Immigrants in Sports

 

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Immigrants, Athletes, and Inclusion

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In October 2021, Dr. James Witte, Dr. Marissa Kiss, and Dr. Michele Waslin presented the IIR's work on immigrants, sports, and inclusion at the online Public Sociology Conference. You can access the link here and watch the presentation.

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Immigrants' Pivotal Role in TeamUSA's Olympic Success

IIR Program Coordinator Michele Waslin published an op ed in The Hill describing how the United States’s resources, training facilities, coaching and athletic excellence attract top athletes from around the world, and our generous immigration system is a big part of our Olympic success story.

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Foreign-Born Olympians

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At least 33 of the TeamUSA Olympians were not born here, but have made the United States their home and proudly represent this country. Thirteen hail from Europe, followed by seven from Asia, six from Africa, five from the Americas, and two from Australia. These foreign-born athletes comprise approximately five percent of the US delegation and represent the best of US athletics from track and field to equestrian, fencing, table tennis, volleyball, water polo, and 15 additional sports. These international athletes take a variety of paths to arrive in the United States, and they contribute to the overall success of TeamUSA.

See all of our foreign-born Olympians here.

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Why are there so few Black American players in MLB 74 years after Jackie Robinson took the field?

IIR alum Marissa Kiss, PhD and former Mason professor Earl Smith published an op ed in the Philadelphia Inquirer featuring their research into Major League Baseball, immigration, and race.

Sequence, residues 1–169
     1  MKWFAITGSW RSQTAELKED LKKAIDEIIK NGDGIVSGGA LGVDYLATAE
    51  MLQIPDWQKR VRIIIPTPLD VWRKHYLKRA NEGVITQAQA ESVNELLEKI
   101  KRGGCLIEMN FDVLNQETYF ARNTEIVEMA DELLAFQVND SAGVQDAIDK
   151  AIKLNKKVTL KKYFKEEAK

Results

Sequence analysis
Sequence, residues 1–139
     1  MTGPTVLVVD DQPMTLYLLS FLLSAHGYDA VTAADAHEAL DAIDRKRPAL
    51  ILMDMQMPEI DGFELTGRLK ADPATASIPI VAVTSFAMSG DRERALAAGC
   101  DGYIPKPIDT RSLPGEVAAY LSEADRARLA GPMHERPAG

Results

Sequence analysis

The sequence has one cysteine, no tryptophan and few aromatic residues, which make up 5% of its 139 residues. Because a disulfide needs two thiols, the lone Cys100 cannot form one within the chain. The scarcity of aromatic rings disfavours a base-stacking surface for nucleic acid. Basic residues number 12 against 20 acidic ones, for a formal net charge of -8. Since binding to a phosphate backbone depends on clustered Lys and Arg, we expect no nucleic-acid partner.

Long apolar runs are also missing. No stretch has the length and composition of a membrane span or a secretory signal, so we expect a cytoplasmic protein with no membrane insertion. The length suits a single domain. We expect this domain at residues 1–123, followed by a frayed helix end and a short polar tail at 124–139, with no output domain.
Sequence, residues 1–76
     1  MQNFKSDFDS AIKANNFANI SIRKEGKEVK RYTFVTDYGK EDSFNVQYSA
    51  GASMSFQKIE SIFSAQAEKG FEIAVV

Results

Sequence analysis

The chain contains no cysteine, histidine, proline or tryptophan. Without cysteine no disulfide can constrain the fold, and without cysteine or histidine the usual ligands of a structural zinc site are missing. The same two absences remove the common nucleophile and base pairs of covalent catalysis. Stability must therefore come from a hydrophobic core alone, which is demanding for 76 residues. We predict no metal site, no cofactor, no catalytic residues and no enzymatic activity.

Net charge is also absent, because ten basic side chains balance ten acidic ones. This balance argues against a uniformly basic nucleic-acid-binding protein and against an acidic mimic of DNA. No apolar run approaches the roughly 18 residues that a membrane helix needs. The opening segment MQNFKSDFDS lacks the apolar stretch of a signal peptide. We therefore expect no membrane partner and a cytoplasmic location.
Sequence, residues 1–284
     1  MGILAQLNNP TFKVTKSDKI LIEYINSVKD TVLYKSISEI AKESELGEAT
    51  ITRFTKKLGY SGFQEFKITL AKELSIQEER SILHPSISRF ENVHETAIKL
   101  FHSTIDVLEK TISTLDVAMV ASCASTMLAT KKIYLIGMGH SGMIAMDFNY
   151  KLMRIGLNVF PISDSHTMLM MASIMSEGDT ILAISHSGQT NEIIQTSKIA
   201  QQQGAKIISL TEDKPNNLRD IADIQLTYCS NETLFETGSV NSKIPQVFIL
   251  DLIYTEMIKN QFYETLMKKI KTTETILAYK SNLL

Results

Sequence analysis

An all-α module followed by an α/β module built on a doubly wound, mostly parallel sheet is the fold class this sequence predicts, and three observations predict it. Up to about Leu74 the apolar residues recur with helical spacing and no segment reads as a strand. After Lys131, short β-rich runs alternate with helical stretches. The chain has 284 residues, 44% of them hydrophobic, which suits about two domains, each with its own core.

"The rise of the academy system in the Caribbean and South America during the 1980s, and a shift in the pipeline to the major leagues for native-born players in the 1990s, altered the demographic makeup of MLB players. As a result, a new MLB emerged. This MLB featured fewer American-born Black players. It relied on the recruitment, extraction, and exploitation of foreign-born Latino players and American-born parents’ wealth to cultivate their sons’ talent through showcase events, private coaches, or sports academies like IMG Academy.

Thus, we can no longer say that baseball is part of the American Dream. Major League Baseball is a story of the haves and the have-nots; it is a story of the colony and the country club."

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Can Small-Town America Survive Pandemic's Hit to Minor League Baseball?

This article describes how international baseball players transform small towns. Former IIR Graduate Research Assistant Marissa Kiss is quoted.

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America's International Pastime

IIR Director Dr. James Witte and former IIR Graduate Research Assistant and Mason Grad Student Marissa Kiss discussed how baseball has become an international sport on the With Good Reason podcast.

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The Streak(s) Continue: Immigrant Players Bring Baseball Victories 

With its 4-3 victory the American League continues its recent dominance of the All Star Game, but despite the greater number of foreign born players on the National League roster, it was actually the American League team that played the greatest number of immigrant All-Stars, nine to the National League’s eight.

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Predicting the Outcome of the 2019 MLB All-Star Game: Immigrant Ball Players Are a Key Factor

With this year’s game coming July 9, die-hard fans, inquiring minds and hopeful gamblers want to know who will win: the National League or the American League? Our answer? The team that plays the greatest percentage of foreign-born players.

 

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Baseball: The (Inter) National Pastime

This report looks at foreign-born players in Major League Baseball and highlights two examples—the 2017 All Star Game and the Division leading, Washington Nationals—to illustrate how changes in professional sports mirror and foreshadow the broader impact of demographic change and increasing globalization.

 Hot in Cleveland

Hot in Cleveland: What Kept Cleveland's Winning Streak Cooking? U.S. Born Pitchers and Foreign-Born Hitters

Overall, 90 percent of Cleveland Indians' pitchers are born in the United States, and 90 percent are white. However, this number changes when you look at the starting pitchers; two-thirds of the starting pitchers for the Cleveland Indians are born in the United States and one-third are foreign-born.